Chambers articulated that the allure of state planning in its New Deal and communist manifestations was the effectual truth of modern rationalism. In other words, we had it coming for a long time. From its ideal of salvation by technique, the conclusion was that “man’s mind is man’s fate.” Unlike many of his conservative contemporaries, Chambers rarely attacked communism’s practical difficulties; instead his critiques centered on its immorality and deeply misguided anthropology. Chambers’ analysis of communism’s intrinsic disloyalty to man makes his contribution one of transhistorical importance. We know that total planning as an ideal of state action has receded. Unfortunately, the larger philosophical confusion from which limitless state power emerged remains too much with us. Expansive state power is a reality conservatives struggle to contain, even at the level of principle.
Liberty is no longer the heroic struggle grounded in the proposition that truth is knowable in thought and thus capable of being enacted, if only incompletely. In rejecting the transcendent ground of liberty, the denizen of late-modernity now throws himself into the endless relativism of contemporary democratic thought. Only in radical indeterminacy do we have full protection for individual rights, we are told. Man’s subjective will remains the exclusive measure of government. Chambers’ well-noted pessimism, best stated in his observation that he was “leaving the winning world for the losing world” in renouncing his communist beliefs, still haunts a hollowed West.
If the citizens of liberal democracy no longer believe in their intrinsic freedom as persons, and that freedom must be guided by conscience and truth, government inherently becomes unlimited. What precisely are the principles that would limit and guide government in this flawed philosophical framework? The weariness and cynicism of an age that believes little and risks little undermines the firm limits that our Founders insisted were the basis of republican government. These are the truths many conservatives struggle to understand, if not dismissing them outright.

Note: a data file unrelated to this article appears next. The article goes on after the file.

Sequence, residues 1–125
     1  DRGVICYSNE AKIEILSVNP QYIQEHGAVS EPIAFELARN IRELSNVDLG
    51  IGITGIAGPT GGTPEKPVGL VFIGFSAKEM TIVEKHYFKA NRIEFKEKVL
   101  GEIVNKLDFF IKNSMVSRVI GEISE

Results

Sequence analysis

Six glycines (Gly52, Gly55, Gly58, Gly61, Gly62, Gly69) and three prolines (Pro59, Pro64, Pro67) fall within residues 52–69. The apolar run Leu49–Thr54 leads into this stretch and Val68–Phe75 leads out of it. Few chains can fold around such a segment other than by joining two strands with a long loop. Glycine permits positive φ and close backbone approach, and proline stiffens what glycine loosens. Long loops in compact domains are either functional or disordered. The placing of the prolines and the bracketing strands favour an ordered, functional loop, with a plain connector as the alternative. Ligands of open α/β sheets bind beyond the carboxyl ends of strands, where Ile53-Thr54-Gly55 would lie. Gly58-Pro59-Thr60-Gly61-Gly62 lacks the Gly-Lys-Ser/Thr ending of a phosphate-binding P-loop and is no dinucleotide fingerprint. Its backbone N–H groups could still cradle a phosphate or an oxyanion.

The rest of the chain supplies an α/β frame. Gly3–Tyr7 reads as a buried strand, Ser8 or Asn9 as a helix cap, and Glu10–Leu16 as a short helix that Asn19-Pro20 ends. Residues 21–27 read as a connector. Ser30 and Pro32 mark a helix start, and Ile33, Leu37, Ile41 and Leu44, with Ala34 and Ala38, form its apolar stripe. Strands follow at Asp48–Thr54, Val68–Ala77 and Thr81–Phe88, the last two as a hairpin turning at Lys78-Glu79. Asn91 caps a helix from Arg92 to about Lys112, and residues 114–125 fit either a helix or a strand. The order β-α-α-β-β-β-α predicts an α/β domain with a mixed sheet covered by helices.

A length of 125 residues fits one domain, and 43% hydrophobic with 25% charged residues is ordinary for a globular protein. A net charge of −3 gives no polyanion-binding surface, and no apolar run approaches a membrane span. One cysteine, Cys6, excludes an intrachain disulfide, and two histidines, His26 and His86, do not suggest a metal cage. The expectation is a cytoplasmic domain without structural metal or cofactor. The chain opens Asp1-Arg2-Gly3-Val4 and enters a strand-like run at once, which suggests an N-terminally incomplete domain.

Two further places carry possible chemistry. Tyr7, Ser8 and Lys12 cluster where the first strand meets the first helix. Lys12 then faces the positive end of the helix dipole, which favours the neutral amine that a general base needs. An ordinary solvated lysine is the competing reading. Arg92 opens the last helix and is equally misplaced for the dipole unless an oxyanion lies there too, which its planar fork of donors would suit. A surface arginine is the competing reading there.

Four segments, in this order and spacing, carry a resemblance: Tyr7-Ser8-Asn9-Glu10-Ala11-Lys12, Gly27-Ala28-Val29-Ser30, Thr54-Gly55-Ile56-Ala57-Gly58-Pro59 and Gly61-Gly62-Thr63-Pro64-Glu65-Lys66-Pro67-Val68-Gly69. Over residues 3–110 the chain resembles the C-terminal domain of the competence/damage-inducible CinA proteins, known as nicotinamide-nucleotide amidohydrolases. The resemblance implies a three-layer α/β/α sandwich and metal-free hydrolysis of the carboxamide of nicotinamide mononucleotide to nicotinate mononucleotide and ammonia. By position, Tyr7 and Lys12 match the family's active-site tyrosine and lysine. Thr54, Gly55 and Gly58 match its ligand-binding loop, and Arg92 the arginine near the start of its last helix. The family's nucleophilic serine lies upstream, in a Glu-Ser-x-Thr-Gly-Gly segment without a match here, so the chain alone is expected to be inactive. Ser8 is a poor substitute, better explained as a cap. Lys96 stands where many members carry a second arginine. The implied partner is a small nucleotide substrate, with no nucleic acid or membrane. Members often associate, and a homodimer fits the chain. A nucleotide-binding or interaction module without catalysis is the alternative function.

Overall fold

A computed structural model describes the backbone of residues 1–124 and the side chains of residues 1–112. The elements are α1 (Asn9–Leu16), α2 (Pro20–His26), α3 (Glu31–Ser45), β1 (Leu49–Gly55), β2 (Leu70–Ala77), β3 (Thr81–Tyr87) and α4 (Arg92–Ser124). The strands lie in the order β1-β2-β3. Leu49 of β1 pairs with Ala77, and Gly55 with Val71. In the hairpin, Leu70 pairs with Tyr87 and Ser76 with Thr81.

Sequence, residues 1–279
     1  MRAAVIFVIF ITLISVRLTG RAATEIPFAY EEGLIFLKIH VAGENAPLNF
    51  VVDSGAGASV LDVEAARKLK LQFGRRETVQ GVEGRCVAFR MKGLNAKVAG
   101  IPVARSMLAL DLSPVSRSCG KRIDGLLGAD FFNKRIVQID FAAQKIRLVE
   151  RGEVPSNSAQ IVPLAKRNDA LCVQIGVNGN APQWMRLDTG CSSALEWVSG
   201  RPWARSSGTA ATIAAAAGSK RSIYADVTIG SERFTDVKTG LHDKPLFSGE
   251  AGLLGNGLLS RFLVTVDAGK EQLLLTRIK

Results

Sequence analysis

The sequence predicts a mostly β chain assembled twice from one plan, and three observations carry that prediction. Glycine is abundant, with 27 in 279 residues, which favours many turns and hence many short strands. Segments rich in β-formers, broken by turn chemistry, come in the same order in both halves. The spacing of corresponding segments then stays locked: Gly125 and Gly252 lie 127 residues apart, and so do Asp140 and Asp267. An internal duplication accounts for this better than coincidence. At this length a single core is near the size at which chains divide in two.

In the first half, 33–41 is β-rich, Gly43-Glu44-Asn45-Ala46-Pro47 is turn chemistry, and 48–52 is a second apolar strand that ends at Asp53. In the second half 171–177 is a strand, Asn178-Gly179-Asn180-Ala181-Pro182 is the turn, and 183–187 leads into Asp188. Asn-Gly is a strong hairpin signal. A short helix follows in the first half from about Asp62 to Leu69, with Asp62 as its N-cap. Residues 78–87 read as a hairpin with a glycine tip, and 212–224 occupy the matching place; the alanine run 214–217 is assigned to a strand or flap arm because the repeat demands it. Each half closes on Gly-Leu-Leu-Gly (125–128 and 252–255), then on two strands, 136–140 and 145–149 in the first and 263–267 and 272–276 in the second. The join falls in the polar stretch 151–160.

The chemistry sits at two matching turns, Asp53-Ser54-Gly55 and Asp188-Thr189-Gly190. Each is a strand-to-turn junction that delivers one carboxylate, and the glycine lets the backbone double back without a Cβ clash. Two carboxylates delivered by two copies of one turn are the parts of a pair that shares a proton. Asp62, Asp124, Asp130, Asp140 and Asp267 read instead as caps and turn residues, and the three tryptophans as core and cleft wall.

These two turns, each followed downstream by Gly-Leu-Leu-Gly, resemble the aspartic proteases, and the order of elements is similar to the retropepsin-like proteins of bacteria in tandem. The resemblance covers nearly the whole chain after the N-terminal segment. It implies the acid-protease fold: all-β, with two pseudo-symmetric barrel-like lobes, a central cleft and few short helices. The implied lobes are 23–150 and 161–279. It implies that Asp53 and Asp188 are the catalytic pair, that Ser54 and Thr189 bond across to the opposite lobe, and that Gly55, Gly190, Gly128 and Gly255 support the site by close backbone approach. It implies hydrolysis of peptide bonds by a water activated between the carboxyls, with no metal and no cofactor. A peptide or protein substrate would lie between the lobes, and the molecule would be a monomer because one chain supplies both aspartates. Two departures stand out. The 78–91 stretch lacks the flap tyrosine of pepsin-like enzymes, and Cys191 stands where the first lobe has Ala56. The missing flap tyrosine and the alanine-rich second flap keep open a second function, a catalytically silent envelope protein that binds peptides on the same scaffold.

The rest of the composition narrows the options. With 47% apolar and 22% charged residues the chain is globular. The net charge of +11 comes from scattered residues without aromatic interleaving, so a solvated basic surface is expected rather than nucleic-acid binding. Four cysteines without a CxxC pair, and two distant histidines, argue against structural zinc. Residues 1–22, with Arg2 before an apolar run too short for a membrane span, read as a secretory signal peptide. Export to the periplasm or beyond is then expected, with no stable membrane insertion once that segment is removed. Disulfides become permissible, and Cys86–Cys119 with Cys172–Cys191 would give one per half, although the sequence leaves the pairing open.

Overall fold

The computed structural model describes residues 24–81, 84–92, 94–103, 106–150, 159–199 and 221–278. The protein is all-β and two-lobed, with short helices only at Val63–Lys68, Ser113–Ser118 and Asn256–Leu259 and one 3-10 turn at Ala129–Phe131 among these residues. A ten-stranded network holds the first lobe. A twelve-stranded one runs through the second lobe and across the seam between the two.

President Obama’s assertion of further control over health care, among other industries, has only upped the ante in our centralized republic. The real contest with the contemporary Left is much broader and involves our firm engagement with the dimensions of liberty that Chambers articulated. To regain our republic requires our comprehension of man’s higher purposes and the beliefs and habits necessary to achieve them. Forsaking belief in the freedom of the person as a “political reading of the Bible” we remain, as one man recently stated, doomed.
Richard M. Reinsch II is a program officer at Liberty Fund, Inc., and the author of the recently released book entitled, “Whittaker Chambers: the Spirit of a Counterrevolutionary” (ISI Books, 2010).